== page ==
Legislative Update – CAMA Bills of interest in the current session of the General Assembly:
S160 – Enhance Safety & Commerce for Ports/Inlets
• Part 1 makes changes to the Shallow Draft Navigation Channel Dredging and Lake Maintenance Fund. Provides that, in addition to current sources, the fund may consist of money contributed by a non-state entity designated for a particular dredging project. It also allows the DENR secretary to waive the non-state cost-share requirement for dredging projects to alleviate navigational emergencies or supplement or leverage funding from the U.S. Army Corps of Engineers. The bill also would reserve $4 million of the fund for Oregon Inlet dredging, reserve $950,000 for costs associated with exploring options for acquiring lands adjacent to Oregon inlet and managing existing and future Outer Banks transportation corridors. The bill also reserves $250,000 for DENR to update the Beach and Inlet Management Plan, to include a recommended schedule for ongoing inlet maintenance.
• Part 2 establishes a Deep Draft Navigation Channel Dredging and Maintenance Fund.
• Part 3 Directs the State Ports Authority to enter a Memorandum of Agreement with the U.S. Army Corps of Engineers, allowing for nonfederal funding of dredging and maintenance at the state ports. Part 3 also directs DENR to enter a similar memorandum of agreement with the U.S. Army Corps of Engineers for nonfederal funding of dredging of Oregon Inlet.
• Part 4 authorizes the N.C. Department of Administration’s secretary to acquire federal land for maintenance of deep draft navigational access to the Morehead City port.
• Part 5 would request approval from National Oceanic and Atmospheric Administration to adjust the boundary of the Zeke’s Island NERR by moving the western boundary 200 feet seaward, and would remove that area from the reserve. A corresponding amount of acreage would be added to the northern boundary of the island from adjacent acreage at Fort Fisher State Recreation Area. In addition, Part 5 would remove the southern component of the New Inlet Dam (“the Rocks”), which “impedes the natural flow of water between the Cape Fear River and the Atlantic Ocean.” Funds to implement this section may come from the Deep Draft Navigation Channel Dredging and Maintenance Fund.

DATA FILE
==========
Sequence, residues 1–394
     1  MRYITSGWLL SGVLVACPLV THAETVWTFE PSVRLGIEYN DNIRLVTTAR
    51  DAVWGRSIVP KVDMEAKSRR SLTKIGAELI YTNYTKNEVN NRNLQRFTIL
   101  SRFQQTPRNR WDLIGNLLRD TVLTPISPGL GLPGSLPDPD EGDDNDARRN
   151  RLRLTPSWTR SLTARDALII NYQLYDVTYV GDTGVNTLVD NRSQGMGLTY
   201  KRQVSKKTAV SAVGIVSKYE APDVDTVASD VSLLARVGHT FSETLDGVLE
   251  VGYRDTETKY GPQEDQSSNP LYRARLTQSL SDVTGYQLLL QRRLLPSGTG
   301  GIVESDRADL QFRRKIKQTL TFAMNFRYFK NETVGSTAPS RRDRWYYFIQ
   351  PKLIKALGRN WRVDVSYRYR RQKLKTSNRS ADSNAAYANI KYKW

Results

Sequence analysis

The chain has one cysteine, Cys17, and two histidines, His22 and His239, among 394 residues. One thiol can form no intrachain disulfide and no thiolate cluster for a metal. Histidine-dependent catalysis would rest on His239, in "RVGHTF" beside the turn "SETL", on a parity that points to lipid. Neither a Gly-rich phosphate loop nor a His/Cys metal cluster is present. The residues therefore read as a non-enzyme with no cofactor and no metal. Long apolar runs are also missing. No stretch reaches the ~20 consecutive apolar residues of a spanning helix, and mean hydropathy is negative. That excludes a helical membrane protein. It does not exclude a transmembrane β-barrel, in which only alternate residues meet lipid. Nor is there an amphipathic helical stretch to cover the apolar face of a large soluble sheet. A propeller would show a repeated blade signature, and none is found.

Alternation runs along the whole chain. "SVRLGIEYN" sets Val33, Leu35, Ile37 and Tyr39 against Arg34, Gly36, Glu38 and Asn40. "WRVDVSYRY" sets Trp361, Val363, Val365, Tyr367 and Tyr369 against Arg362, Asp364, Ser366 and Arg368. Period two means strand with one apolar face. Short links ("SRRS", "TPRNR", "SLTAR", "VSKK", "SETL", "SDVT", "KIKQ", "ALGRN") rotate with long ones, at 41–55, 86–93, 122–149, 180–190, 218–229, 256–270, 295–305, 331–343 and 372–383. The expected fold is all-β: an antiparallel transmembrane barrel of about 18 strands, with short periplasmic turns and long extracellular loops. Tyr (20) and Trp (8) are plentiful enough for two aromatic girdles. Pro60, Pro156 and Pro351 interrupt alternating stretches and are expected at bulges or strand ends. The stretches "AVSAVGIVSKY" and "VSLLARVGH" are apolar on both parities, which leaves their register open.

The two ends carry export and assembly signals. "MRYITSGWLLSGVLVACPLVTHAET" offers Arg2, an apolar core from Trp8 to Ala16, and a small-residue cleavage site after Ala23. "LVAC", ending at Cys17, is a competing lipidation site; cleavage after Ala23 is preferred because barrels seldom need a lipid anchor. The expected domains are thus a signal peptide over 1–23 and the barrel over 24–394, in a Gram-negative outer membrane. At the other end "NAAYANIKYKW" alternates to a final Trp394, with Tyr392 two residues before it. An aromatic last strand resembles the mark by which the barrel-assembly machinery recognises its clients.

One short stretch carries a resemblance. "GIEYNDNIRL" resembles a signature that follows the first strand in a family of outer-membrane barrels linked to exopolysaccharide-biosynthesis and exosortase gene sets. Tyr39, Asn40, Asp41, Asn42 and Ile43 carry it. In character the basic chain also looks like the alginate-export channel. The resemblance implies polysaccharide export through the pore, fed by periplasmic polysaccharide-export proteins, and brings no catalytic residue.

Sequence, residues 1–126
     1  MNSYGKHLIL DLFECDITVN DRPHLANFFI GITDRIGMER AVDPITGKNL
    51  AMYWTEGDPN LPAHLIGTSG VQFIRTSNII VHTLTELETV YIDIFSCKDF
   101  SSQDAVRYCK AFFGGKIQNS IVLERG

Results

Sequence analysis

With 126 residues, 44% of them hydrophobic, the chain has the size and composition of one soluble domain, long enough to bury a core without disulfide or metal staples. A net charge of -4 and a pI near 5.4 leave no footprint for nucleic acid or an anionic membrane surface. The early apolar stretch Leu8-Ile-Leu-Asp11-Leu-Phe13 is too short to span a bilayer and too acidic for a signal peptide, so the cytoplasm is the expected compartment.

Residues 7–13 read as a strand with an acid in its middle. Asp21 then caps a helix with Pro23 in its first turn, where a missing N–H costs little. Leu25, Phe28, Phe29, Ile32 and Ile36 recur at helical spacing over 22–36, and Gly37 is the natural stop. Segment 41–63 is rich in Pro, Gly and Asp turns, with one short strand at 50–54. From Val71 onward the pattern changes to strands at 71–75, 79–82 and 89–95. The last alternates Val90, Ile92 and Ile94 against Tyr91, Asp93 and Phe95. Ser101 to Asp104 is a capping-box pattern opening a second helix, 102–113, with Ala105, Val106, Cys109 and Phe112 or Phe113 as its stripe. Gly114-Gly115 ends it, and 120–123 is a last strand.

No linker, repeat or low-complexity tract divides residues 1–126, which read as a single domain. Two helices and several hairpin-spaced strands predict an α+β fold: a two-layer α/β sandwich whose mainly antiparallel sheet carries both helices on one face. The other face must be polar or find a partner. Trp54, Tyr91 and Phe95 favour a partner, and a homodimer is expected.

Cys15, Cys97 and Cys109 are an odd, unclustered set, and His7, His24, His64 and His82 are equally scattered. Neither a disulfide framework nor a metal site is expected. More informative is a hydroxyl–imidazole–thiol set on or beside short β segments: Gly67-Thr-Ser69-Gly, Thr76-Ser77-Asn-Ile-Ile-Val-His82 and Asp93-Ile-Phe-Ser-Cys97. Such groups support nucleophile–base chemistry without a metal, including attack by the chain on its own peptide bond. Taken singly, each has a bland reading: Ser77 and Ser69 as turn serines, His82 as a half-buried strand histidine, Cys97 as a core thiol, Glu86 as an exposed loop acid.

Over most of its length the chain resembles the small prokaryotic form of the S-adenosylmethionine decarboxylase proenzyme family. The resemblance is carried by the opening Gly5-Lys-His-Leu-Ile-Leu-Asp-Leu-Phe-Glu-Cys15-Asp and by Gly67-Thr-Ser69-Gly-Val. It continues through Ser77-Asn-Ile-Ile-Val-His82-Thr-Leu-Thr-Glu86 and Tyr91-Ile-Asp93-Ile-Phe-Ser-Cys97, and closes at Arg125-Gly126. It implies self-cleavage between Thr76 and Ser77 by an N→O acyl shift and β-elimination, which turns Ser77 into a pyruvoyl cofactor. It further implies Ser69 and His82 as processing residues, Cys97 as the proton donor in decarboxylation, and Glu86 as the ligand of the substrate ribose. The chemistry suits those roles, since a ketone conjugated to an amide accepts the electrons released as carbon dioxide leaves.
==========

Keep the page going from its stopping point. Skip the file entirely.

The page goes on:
• Part 6 would exempt the DENR waiver of non-state cost-share requirements for dredging from the state’s contested case provisions.
• Part 7 would establish a Coastal Waterways User Identification Number for certain vessels that are 24 feet or more in length. An annual fee for the number would be established according to the vessel length, not to exceed $1,250. Funds generated will be credited to the Shallow Draft Navigation Channel Dredging fund.
• Part 8 directs the CRC to amend its sandbag rules as follows: (1) Allow the placement of temporary erosion control structures on a property that is experiencing coastal erosion even if there are no imminently threatened structures on the property, provided the property is adjacent to a property where temporary erosion control structures have been placed; (2) Allow the placement of contiguous temporary erosion control structures from one shoreline boundary of a property to the other shoreline boundary, regardless of proximity to an imminently threatened structure; (3) The termination date of all permits for contiguous temporary erosion control structures on the same property shall be the same and shall be the latest termination date for any of the permits; (4) Allow for the replacement, repair or modification of damaged sandbags that are legally placed with either a current permit, or with an expired permit whose status is being litigated by the property owner.
• Part 9 allows Dare Co. to use up to $3 million of occupancy taxes per fiscal year for maintenance of county waterways.
• Part 10 provides that Oregon Inlet is considered a transportation corridor.
• Part 11 gives coastal counties the authority to remove abandoned vessels from navigable waters.
S453 – Regulatory Reform Act of 2015